Thursday, September 23rd, 2021

Asian markets rise high as Hong Kong up all-time high record



HONG KONG, Jan. 16 2018

Asian markets mostly rise again Tuesday with Hong Kong clocking its highest ever close while the dollar struggled to recover from further losses against major peers.

While there were few leads from Wall Street owing to a holiday, investors continued to push into equity markets in Asia to maintain a healthy start to 2018, with Hong Kong skirting its all-time high.The Hang Seng Index sank on Monday for the first time this year as a record-breaking 14-day surge came to an end on profit-taking.

But the optimism running through global markets, combined with a flood of cash from mainland Chinese investors, has fired up buying in the financial hub. And on Tuesday the HSI closed up 1.8 percent — topping its best-ever finish seen on October 30, 2007, before the financial crisis kicked in and sent global indexes plunging.

It is also just short of its all-time high of 31,958.41, though analysts are expecting it to soon break that barrier.Tokyo climbed one percent to a more than 26-year high, Shanghai added 0.8 percent and Seoul was 0.7 percent up while Manila jumped 0.8 percent.

Jakarta, Wellington, Taipei, and Bangkok also saw strong rallies but Sydney slipped 0.5 percent.With confidence in the global economy improving and central banks beginning to shift their policy stance away from crisis-era stimulus, the dollar has suffered weeks of selling pressure, with the euro and pound the main winners.

The European single currency surged last week on the back of news that German Chancellor Angela Merkel was close to a coalition deal that will end months of uncertainty in the region’s top economy.And on Monday it almost broke $1.23 for the first time since December 2014 on strong economic data and after a key member of the European Central Bank hinted that it could start cutting back its bond-buying stimulus by September.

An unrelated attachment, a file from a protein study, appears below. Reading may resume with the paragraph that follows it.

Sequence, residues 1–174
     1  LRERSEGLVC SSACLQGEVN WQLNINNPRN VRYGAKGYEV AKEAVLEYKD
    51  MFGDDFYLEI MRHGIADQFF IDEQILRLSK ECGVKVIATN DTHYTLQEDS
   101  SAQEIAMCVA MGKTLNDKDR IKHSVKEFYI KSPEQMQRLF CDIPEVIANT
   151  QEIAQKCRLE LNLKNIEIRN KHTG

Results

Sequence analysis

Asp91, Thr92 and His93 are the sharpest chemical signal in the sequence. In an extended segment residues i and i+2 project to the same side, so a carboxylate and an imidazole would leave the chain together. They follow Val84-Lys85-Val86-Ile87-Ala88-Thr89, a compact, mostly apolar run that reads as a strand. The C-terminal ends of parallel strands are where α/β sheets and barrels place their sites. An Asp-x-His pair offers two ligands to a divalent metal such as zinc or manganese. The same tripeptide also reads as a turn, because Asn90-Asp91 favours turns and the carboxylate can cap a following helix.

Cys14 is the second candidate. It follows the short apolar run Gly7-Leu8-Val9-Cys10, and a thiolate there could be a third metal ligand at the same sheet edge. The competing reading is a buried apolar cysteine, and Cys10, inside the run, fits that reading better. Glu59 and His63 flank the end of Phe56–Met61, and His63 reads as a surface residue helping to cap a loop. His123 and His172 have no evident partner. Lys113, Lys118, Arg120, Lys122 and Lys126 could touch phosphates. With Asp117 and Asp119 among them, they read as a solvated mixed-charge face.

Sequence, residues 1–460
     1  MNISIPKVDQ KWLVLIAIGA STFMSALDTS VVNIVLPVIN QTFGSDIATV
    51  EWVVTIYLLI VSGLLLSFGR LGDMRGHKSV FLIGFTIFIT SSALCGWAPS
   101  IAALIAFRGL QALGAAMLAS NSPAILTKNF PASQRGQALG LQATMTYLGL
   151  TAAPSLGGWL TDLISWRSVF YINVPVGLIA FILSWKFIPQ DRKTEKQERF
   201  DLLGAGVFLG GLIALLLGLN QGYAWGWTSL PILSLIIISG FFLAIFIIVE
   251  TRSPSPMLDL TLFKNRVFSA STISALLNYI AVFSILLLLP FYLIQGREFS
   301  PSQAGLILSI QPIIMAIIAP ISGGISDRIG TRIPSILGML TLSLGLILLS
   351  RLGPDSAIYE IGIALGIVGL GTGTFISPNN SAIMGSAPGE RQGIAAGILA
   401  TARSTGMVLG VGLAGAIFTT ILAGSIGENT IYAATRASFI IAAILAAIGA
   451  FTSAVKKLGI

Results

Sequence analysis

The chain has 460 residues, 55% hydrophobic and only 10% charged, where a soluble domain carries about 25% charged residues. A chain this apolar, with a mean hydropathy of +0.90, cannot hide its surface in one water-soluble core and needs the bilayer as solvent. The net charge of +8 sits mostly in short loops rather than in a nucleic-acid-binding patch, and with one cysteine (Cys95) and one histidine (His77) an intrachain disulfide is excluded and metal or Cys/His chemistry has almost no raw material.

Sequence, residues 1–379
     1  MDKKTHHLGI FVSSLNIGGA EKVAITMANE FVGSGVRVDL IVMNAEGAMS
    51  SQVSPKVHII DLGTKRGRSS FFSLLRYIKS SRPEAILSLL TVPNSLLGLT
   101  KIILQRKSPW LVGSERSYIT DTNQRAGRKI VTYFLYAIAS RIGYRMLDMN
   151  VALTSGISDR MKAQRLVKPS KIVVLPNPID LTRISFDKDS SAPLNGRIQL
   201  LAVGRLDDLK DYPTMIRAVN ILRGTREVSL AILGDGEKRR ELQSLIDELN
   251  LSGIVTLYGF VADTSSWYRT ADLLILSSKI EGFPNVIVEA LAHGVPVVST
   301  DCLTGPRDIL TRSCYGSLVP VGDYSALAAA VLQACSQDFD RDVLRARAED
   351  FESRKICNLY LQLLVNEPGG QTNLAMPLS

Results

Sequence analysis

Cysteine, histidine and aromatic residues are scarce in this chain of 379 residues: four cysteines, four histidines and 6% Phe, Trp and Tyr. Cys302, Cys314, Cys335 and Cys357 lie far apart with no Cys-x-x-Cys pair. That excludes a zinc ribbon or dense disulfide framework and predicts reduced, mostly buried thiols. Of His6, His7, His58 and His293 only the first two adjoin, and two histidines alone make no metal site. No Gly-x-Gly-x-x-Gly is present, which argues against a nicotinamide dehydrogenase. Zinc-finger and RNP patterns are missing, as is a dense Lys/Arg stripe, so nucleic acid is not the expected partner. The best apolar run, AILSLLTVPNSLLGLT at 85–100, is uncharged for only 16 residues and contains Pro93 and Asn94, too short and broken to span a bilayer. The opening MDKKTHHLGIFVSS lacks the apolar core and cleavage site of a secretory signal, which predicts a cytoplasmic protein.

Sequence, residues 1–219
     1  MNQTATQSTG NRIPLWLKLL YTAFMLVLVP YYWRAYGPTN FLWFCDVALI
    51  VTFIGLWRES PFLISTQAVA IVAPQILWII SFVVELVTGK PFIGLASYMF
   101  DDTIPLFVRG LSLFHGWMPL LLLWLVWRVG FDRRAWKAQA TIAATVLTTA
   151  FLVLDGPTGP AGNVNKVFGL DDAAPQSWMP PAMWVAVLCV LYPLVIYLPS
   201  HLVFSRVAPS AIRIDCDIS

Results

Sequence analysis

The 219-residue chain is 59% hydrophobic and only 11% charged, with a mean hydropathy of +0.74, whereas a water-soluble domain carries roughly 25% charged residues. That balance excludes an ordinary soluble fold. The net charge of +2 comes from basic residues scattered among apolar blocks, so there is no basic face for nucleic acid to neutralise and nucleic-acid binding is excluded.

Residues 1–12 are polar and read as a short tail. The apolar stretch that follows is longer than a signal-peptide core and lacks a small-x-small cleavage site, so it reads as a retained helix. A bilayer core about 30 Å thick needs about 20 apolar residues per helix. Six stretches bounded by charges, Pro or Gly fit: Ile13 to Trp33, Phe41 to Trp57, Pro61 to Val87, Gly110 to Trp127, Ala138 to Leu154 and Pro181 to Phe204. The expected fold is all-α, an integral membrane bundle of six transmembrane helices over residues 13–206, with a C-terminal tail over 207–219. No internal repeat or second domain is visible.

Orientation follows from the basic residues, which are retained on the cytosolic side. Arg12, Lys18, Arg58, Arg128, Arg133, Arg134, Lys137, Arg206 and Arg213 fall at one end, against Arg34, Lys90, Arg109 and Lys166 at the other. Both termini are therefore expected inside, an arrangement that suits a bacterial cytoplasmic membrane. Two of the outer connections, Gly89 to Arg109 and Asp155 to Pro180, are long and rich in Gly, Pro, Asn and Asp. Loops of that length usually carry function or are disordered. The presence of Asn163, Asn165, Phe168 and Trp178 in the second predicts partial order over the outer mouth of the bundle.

And despite uncertainty over Brexit, the pound is also sitting around levels against the dollar last touched in June 2016, when Britain voted to leave the European Union.Stephen Innes, head of Asia-Pacific trading at OANDA, warned the greenback could face further selling.

“With the dollar trading ‘three sheets to the wind’ and ‘wobbling like a drunken sailor’, there is a stronger chance that panic dollar selling will ensue and hammer the dollar lower,” he said.The yuan extended Monday’s advance that followed news Germany’s central bank would include the Chinese currency in its own reserves, the latest step towards its internationalization.

The currency hit a two-year high 6.4138 against the dollar after Bundesbank board member Andreas Dombret’s comments. The announcement follows the International Monetary Fund’s decision in 2016 to include the yuan in its elite basket of currencies.

On oil markets, Brent held around the $70 mark but was facing profit-taking pressure after recent gains, with dealers also concerned that Russia could review its role in an output freeze with OPEC owing to the improving prices.

Shane Chanel, equities and derivatives adviser at ASR Wealth Advisers, said: “I believe there is still further short-term upside. However, I think it’s difficult to see prices going much higher from here.

“If we continue to hear the rhetoric of an end to production cuts, the free-for-all approach could see Brent and WTI tumbling back to the $50 level in the second half of 2018.”In early European trade, London’s benchmark FTSE 100 index slipped a couple of points while Frankfurt’s DAX 30 gained 0.2 percent and the Paris CAC 40 rose about 01.  Percent.

 

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